The Weekend's Best Tactics: West Ham v Tottenham

West Ham’s comprehensive 3-0 victory over Tottenham Hotspur at White Hart Lane on Sunday afternoon demonstrated manager Sam Allardyce’s creativity and ability to improvise – something which the English boss has not often been recognized for.

When I think of Sam Allardyce, I seldom think of free-flowing, attacking, ambitious football – in actuality that’s more something I would ordinarily associate with Tottenham manager Andre Villas-Boas but ‘Big Sam’ deserves all the plaudits this weekend for an inspired away victory for the Hammers.

Without a centre-forward fit and available for selection for Allardyce, this away trip, a London derby, against a Spurs side that spent in excess of £100 million this summer and had conceded just two goals in the Premier League probably looked like a bad day at the office ahead of him on Sunday.

However, Big Sam made some big decisions, took some big risks and got a big payout from this weekend as a result. Without Andy Carroll, Allardyce deployed a 4-5-1 formation with midfielder Mohamed Diame operating as a ‘false number 9’. He packed the midfield, knowing that Spurs would enjoy the majority share of possession, especially in central areas and especially at home.

He was proven right – the hosts had 61 per cent of possession to the Hammers’ 39 per cent – yet Spurs were unable to do anything at all with it. Spurs had 14 shots on goal but just 4 were on target over 90 minutes, compared to West Ham’s 16 shots of which 5 were on-target.

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Tottenham played their game in and around the middle of the park and the penalty area but were allowed very few clear-cut opportunities to penetrate the box – this was not down to poor finishing or passing, this was down to West Ham’s two solid banks of four that squashed an squeezed Spurs when they were without the ball, denying them space to maneuver in the final third.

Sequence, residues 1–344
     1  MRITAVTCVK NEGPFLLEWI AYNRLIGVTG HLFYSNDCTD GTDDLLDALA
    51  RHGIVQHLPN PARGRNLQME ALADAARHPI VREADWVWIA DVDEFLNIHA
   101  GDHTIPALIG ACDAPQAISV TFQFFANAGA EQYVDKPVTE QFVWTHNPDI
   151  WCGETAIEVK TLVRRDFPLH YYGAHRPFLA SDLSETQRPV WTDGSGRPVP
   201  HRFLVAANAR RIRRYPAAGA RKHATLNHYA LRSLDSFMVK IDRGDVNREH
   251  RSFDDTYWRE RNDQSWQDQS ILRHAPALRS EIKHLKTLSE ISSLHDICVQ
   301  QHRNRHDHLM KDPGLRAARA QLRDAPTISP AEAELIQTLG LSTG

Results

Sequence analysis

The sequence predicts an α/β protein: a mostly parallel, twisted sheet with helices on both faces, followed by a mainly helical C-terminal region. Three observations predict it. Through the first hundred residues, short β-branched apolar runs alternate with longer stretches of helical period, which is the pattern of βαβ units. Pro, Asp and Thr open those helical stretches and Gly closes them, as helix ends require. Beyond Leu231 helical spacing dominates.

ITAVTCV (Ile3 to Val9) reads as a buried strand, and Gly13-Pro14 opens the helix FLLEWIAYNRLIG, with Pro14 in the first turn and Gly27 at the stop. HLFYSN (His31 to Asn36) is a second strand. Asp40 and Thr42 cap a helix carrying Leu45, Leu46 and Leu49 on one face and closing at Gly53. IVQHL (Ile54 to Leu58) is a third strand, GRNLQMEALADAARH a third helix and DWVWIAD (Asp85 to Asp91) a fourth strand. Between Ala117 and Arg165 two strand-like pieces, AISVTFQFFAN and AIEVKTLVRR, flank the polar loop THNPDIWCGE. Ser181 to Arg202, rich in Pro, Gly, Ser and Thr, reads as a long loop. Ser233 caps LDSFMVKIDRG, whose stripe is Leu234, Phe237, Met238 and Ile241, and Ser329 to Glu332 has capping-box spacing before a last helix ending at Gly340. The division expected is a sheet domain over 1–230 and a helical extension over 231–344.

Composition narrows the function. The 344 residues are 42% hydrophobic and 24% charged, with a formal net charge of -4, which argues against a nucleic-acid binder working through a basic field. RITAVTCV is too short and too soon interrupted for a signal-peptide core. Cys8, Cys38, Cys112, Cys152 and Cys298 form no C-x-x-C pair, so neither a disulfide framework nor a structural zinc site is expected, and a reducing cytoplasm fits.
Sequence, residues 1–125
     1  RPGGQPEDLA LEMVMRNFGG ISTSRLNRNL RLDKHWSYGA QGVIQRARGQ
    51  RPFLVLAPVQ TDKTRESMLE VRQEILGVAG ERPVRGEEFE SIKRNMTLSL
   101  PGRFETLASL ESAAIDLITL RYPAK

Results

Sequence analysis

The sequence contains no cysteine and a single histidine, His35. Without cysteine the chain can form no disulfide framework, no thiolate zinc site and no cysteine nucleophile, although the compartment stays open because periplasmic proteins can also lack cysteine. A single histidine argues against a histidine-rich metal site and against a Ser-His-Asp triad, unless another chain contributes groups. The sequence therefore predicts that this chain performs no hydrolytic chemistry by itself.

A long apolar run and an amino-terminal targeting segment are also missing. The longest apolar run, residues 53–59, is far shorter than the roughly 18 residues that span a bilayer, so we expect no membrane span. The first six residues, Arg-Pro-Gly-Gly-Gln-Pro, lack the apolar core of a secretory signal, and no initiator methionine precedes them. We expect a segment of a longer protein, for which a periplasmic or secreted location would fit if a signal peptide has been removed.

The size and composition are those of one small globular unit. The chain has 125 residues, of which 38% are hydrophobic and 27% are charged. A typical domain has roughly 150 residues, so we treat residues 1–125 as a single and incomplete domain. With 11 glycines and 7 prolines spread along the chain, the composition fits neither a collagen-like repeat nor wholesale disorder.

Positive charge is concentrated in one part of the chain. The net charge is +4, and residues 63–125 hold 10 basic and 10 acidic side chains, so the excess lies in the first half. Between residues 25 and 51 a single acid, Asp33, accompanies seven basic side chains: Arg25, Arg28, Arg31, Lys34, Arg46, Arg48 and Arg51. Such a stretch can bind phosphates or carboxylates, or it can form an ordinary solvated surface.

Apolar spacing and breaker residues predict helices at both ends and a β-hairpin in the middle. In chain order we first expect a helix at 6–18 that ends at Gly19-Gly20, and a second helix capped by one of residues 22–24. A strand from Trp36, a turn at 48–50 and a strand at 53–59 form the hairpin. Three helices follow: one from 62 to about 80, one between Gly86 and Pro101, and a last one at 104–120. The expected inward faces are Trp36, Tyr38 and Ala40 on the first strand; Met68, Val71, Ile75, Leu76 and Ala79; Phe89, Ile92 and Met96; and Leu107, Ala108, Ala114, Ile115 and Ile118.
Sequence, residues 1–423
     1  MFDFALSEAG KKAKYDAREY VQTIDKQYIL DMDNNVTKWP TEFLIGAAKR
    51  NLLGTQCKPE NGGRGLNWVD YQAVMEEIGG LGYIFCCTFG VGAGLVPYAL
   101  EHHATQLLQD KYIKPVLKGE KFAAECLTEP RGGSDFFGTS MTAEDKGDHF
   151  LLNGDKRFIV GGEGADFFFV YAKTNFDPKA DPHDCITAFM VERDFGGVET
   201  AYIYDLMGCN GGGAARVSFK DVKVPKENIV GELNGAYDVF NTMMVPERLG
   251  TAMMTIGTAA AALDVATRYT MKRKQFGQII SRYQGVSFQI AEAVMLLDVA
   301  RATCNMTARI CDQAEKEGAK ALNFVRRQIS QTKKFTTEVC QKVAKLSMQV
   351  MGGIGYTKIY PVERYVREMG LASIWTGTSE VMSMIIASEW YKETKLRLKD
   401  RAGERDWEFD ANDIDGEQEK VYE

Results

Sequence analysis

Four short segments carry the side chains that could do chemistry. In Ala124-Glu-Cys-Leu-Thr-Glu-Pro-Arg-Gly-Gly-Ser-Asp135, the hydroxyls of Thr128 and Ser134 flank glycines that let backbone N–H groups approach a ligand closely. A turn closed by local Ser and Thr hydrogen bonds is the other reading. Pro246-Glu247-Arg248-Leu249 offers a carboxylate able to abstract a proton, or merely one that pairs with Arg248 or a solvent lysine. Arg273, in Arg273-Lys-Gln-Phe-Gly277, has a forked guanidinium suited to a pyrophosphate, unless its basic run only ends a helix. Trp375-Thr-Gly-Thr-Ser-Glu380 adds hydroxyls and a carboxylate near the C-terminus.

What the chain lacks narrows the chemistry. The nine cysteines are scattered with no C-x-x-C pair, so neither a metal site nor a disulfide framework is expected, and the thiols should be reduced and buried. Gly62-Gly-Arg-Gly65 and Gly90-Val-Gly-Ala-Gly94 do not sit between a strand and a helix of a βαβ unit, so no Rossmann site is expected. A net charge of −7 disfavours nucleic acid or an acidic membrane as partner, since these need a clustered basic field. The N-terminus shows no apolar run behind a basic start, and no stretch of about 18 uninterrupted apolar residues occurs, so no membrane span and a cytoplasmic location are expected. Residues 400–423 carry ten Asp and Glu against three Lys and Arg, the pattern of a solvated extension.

The midfielders dropped back into deep positions, kept compact to squeeze the space and the Hammers’ back line was fantastic in the first-half especially, epitomized by James Tomkins who was always so well-positioned, confident and strong in the box, committed to challenges and intelligent in his clearances.

West Ham did not simply play hopeful long-balls up field when they cleared the danger – they played the ball out of the back coolly, calmly showing a great deal of composure and self-assurance under intense pressure, again especially in the first half hour.

They stifled Spurs’ possession game and frustrated the home side who grew hasty and impatient as time went on – they managed to see out the first half having kept them at bay and, in the 66th minute when they earned a corner, they took the opportunity presented to them and the lead with it, via a Winston Reid header past Hugo Loris.

For the second there was perhaps a bit of luck about Ricardo Vaz Te’s finish which rebounded off the keeper and then back on to him to finally find the net but, I hasten to add, there was absolutely nothing whatsoever ‘lucky’ about the pass from Nolan to put Vaz Te through in the first place – a perfectly weighted and times 25-yard pass for him to run on to and, prior to that, Spurs were second best to the 50-50s that West Ham made sure they were first to get the ball up field on the break.

Diame epitomized this aspect of the Hammers’ play – he was intelligent and composed on the ball all afternoon, holding up the ball and distributing in up-field with great awareness and understanding with his teammates, despite being deployed out of position. He never once looked unnatural.

The final goal ensured that West Ham earned all three points and Ravel Morrison earned all the plaudits which, whilst the youngster’s goal was a stunning bit of individual brilliance, should be distributed throughout the team for a great team performance and a great deal of ingenuity, improvisation and intelligence from manager Sam Allardyce.

image: © Ben Sutherland

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